Credit cards don’t always have to mean a crazy downward spiral of doom and debt. In fact, contrary to popular credit card conspiracies, under the right circumstances, they can actually be quite helpful.
The key to cracking credit cards is all in money management. Once you find what works for you, bills won’t have to mean beans.
What does it all really mean?
A credit card is usually a plastic card (although there are some gorgeous Metal cards out there 😉) which comes with a preloaded sum of money. It’s essentially a loan from the bank which allows you to make purchases. It’s all fine and dandy as long as you pay the borrowed money back at some point. There are a variety of credit cards available, so do a thorough search to find the right one for you.
3 Reasons why a credit card could be a good next step
- Build Your Credit – Credit cards can be a great way to build a credit score. It may not seem important now, but in the future, you’ll need a good credit score to take out loans, get a mortgage, rent houses or apartments, to get a better car insurance rate, all that adulting stuff.
- Gain Vital Money Management Skills – Taking out a credit card and learning how to use and manage it properly shapes your money management skills. Instead of splashing the cash, start investing in your future.
- Earn rewards and cashback – Some credit cards also come loaded with reward points and cashback. These added perks will help your money stretch a little longer as you’ll get a little back when you spend your cash.
7 ways to manage a credit card successfully
Credit cards can get the best of us. Whether it’s the weight of added interest hidden in small print, or the bad habit of forgetting to pay back your credit card on time, and then consequently drowning in late payment fees that you can’t seem to get on top of.
Absolute nightmare. Get clued up about credit cards so you can cut out the added hassle.
Take a look at our top tips on how to manage your credit card.
- Never, ever, ever miss a payment deadline.
It might seem like a quite obvious rule, but it’s an important one. Forgetting to pay your credit card bill will most likely result in additional late payment fees and sometimes even increased APR rates.
- Read, and then re-read the terms and conditions
Make sure you understand the terms and conditions of your card. It’s easy to accumulate charges on things which may seem normal to you, like withdrawing cash from an ATM or carrying out a balance transfer. Make sure you know the ins and out of your agreement to avoid accruing unnecessary costs.
- Avoid falling down the rabbit hole of minimum payments
You’ll want to make sure you’re paying more than the minimum payments, otherwise, you could end up paying back way more than what you borrowed. This will affect your credit utilisation. The more you’re using your credit, the worse it is for your credit score.
- Never spend more money than you can repay
Student income can be very limiting, so it is essential that when taking out a credit card, you borrow within the means of what you can afford.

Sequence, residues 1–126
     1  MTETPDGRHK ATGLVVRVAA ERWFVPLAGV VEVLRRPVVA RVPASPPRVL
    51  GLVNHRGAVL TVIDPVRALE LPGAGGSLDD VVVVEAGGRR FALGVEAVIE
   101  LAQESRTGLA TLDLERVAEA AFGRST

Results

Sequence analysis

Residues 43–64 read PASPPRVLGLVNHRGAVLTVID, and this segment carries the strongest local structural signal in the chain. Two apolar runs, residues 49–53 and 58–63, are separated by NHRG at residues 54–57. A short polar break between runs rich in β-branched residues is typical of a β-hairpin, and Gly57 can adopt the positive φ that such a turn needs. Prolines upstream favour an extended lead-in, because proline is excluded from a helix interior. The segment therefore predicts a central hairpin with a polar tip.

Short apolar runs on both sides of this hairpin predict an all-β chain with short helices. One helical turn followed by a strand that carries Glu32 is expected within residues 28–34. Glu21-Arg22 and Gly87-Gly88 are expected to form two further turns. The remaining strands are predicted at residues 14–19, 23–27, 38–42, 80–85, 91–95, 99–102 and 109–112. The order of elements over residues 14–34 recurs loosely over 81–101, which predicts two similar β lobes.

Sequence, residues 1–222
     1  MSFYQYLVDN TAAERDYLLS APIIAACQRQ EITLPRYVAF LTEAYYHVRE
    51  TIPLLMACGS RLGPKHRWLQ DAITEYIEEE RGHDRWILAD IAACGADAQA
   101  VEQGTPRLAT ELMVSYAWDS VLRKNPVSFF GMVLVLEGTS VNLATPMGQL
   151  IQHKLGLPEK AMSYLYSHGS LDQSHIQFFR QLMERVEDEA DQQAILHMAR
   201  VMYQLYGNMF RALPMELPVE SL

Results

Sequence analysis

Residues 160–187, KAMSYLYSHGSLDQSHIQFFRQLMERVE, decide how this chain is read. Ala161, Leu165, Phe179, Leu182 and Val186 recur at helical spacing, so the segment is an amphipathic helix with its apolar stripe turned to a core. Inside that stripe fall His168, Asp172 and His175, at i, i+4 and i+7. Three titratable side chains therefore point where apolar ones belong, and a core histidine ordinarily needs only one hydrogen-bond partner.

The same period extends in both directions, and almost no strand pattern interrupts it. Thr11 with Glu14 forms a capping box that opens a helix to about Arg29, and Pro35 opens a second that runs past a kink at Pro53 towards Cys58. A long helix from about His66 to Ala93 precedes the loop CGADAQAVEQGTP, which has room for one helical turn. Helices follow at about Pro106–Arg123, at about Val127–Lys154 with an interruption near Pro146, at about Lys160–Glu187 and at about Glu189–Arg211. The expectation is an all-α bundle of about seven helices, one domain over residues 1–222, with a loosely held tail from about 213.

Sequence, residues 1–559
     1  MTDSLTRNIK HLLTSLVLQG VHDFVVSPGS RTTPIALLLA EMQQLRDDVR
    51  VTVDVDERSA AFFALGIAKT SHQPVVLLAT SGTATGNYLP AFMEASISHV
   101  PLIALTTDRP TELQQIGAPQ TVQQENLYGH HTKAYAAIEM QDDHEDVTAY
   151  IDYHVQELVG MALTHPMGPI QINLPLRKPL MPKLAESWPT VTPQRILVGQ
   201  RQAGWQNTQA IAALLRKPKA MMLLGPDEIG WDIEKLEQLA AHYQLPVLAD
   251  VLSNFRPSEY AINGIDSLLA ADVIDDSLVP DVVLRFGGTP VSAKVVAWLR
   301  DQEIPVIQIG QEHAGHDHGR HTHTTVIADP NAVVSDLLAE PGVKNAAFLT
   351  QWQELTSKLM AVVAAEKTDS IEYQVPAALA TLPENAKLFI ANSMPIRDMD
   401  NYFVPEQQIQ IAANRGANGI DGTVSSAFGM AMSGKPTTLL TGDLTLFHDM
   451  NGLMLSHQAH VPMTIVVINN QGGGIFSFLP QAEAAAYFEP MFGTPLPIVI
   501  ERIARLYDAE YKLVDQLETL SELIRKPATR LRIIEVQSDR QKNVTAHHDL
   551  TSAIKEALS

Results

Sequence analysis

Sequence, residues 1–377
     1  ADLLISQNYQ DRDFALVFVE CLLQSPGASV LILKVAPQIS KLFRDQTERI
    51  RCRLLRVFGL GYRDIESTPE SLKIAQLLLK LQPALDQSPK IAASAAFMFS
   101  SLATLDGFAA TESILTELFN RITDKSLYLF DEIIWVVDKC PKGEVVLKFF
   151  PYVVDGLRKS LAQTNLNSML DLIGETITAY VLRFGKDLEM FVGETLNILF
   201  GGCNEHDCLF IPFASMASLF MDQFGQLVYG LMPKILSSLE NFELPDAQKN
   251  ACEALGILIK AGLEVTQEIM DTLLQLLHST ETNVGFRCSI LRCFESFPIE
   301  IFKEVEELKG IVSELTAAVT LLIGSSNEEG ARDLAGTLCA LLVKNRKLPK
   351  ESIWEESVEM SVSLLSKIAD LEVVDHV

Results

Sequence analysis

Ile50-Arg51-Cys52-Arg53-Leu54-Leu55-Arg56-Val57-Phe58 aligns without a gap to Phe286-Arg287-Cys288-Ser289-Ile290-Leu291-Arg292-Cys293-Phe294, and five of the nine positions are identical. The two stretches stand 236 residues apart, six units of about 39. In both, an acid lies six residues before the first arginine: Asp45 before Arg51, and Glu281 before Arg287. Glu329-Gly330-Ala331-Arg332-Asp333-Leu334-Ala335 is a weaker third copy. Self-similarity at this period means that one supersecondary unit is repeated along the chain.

- Check the APR rate
The APR rate is the annual percentage rate. This is the yearly cost of borrowing money using credit cards or loans. This will be paid on top of monthly payments, so take this into consideration while searching for the perfect credit card for you. The lower, the better.
- Check and read through your statement
It might be boring or even nerve wracking to see where all your money’s gone at the end of the month, but it sure is important. Sometimes a purchase can be billed twice in error, or there could be fraudulent activity occurring on your account. All in all, it’s in your best interest to keep an eye on your account.
- Don’t sign up for too many credit cards
At first glance, signing up for loads of credit cards might seem like a good idea – more credit cards means more money. But that’s not always the case. Remember, a credit card is borrowed money – you’ll have to pay it back. By opening lots of credit card accounts, you’ll have more payments to make each month, and as a student with limited income, it isn’t the wisest choice to make.
- Interest – Interest is the fee charged for borrowing money by use of the credit card.
- Credit – Credit refers to the customer’s ability to receive goods or purchases without making a payment first, based on the agreement that the payments will be made in the future.
- APR – APR stands for annual percentage rate. It is the yearly cost of borrowing money using credit cards or loans. It’s calculated by taking into account interest and other charges which accrued over the year, including the annual fee if applicable.
- Credit Limit – A credit limit is the maximum amount of credit that a financial institution or lender is providing to a debtor. (The individual borrowing the money.)
- Balance Transfer – A balance transfer means moving an existing debt from one credit card provider to another.
When you’re all clued up, once you receive your credit card, you can add it and the rest of your bank cards to our Curve app. You’ll then receive a sleek Curve card in the post and unlock the, ‘All your cards in one’ experience. The excitement doesn’t end there, you can continue to reap the benefits of your existing cards whilst, courtesy of Curve, you’ll receive additional perks on top.